The Bitter Truth – Monthly Brews
The Bitter Truth

Pale Ales and Bitters can be very similar in flavor, so why the different naming conventions? Well, there seems to be some debate on why different people, in different parts of the world name beers the way they do, and indeed even the source material used to figure things out seem to contradict each other. But, it seems that generally speaking, Northwestern Europeans, prior to the 16th century called grain based fermented beverages that were flavored/bittered with a myriad of botanicals “Ales”, what we might now call “gruit”. After the adoption of hops for bittering, the newer standardized naming convention was "beer". It would take some time, but Ale then became synonymous with beer, and would be used interchangeably in most parts of the world. Starting in the 19th century, brewers and malting companies started to produce a paler malt product that could be used to make very light colored beers, to which many breweries in northwest Europe started referring to as Pale Ales as a general term for light colored beers.

While we here in the US might think of the Standard Bitter as being an age old British product for hundreds of years, it seems the term wasn't really used much, or at all, until World War II. Then the word Bitter was more of a distinction from Mild ales to note the more-bitter version of beer that was being produced, and was not derived from a branch of Pale Ales brewed at the time. So while a hop forward British Pale Ale of the time may have closely resembled an English Bitter, they came from different styles of beer making and (I'm guessing here) were probably separated more by the marketing devises of the time than actual stylistic differences.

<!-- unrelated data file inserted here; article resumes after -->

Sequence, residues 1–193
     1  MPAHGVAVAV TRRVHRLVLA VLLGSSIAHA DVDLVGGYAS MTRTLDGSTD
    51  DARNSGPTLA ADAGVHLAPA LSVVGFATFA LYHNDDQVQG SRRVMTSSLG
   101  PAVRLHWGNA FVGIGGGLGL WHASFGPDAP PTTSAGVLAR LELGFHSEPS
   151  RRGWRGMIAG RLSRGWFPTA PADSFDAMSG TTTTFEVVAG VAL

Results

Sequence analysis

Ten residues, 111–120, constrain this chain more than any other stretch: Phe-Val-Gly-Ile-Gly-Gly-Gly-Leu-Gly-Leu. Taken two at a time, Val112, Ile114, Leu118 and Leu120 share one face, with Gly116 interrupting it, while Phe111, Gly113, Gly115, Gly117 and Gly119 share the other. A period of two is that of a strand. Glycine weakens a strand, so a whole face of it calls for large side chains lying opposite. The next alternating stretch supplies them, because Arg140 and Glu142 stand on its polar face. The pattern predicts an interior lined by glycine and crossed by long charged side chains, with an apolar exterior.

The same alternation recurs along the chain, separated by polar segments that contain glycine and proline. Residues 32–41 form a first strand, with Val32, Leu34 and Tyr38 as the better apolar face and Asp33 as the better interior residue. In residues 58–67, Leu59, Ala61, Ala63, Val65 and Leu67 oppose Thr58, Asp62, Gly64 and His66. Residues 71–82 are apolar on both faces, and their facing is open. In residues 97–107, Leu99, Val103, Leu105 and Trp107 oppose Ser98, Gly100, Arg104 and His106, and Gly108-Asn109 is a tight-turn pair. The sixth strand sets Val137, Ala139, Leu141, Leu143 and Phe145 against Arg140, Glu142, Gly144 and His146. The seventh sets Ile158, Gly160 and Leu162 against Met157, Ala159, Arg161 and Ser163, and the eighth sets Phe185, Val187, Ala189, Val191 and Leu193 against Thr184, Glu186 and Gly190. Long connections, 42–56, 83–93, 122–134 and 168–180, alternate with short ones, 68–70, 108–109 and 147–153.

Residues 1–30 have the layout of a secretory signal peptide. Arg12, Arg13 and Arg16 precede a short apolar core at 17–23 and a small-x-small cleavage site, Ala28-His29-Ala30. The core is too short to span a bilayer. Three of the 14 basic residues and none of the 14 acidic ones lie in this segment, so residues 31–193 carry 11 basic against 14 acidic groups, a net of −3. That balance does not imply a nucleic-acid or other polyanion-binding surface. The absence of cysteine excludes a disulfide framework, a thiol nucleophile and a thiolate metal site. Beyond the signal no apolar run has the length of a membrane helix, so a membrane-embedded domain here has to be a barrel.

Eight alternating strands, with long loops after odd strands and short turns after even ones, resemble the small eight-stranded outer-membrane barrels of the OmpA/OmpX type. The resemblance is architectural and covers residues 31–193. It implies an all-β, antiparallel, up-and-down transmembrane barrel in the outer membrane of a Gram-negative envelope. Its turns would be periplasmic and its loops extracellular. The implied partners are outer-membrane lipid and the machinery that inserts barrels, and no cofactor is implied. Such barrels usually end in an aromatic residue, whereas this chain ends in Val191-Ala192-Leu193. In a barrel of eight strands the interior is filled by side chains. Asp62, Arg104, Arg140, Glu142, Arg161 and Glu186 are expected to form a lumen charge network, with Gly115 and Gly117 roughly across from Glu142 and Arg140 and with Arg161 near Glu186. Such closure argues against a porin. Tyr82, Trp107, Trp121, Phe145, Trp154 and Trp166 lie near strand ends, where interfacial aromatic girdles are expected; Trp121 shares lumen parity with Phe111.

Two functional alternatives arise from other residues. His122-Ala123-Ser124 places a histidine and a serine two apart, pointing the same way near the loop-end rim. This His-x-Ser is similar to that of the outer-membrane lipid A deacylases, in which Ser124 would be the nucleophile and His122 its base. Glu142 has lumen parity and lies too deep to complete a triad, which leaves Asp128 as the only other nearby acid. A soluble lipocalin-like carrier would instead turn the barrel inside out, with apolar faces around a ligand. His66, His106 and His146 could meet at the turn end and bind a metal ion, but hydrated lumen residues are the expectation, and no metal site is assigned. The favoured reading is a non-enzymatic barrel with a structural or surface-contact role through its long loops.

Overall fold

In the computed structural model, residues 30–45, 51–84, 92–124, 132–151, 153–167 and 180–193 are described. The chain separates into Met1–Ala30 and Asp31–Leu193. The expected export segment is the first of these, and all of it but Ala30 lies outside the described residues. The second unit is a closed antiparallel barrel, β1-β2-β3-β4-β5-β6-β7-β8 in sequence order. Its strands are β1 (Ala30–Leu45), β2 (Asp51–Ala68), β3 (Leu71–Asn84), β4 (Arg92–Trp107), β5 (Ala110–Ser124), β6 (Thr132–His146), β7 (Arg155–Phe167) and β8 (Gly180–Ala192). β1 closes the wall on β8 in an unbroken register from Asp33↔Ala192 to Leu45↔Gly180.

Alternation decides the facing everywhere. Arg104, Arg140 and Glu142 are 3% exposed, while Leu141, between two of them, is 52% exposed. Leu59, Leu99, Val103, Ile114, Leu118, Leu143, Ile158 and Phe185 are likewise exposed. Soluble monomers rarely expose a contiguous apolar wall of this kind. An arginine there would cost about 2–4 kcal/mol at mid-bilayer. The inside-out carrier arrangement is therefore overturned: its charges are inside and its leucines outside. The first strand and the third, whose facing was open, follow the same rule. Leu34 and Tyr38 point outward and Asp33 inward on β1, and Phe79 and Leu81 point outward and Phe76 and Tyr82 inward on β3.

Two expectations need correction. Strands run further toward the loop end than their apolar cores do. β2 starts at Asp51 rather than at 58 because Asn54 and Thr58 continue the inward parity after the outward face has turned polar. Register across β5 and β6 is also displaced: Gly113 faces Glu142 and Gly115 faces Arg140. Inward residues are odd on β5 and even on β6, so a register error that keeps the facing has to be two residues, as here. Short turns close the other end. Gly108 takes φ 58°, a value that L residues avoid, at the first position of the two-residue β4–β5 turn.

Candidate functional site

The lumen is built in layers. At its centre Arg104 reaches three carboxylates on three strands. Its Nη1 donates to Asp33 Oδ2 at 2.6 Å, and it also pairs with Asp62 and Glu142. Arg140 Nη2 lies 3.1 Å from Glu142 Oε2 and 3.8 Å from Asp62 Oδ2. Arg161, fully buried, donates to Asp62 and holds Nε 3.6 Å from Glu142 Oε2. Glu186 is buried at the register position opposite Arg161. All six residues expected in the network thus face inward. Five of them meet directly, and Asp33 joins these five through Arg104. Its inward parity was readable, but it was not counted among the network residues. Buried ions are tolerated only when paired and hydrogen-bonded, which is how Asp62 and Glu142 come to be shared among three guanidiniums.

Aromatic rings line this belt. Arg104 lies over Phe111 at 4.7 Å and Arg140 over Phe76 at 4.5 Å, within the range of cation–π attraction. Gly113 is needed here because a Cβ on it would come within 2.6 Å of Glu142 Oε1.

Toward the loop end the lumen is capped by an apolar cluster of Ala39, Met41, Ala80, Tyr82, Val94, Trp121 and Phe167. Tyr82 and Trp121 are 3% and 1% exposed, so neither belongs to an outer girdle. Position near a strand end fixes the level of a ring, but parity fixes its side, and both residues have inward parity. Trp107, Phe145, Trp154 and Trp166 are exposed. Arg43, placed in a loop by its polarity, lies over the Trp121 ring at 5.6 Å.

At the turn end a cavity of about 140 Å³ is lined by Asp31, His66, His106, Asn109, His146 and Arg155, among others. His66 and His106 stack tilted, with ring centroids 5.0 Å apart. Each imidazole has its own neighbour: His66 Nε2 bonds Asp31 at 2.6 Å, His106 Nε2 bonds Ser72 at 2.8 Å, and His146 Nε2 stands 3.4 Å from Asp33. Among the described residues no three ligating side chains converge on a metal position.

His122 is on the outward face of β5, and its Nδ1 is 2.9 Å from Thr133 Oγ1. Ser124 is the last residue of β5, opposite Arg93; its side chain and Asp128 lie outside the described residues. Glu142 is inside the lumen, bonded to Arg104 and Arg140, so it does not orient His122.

Today, the BJCP does distinguish between Pales Ales and Bitters. Style 11 - British Beers, splits Bitters into 3 categories: Ordinary Bitter, Best Bitter, and Strong Bitter. Style 12 – Pale Commonwealth Beer, uses this vernacular to describe light colored “...bitter ales from countries within the former British Empire.” and also refers to 18b. American Pale Ale, and 24b. Belgian Pale Ale.

It seems that for now “Bitter” has been solidified as purely a naming convention for British beers while Pale can originate from not only England but from anywhere. Bitters however can easily be defined as Michael Jackson notes in The New World Guide to Beer, “...full of flavor -- the flavor of hops, and to some extent, of good British malt.” This is why our November box includes Crisp No. 19 Floor-Malted Maris Otter The quintessential and most traditional ale brewing malt. Crisp No. 19 Floor-Malted Maris Otter® is an English ale malt made from the famous Maris Otter® barley variety and malted in a traditional floor-malting facility. The floor malting process imparts richer aroma and flavor, heightening Maris Otter’s natural character. This made for an exceptional Bitter in our test batch.

Let us know what you think of the Bitter style, and or the Base Malt for the November Box at our group facebook page.

 

December 10, 2017 by Ross Metzger

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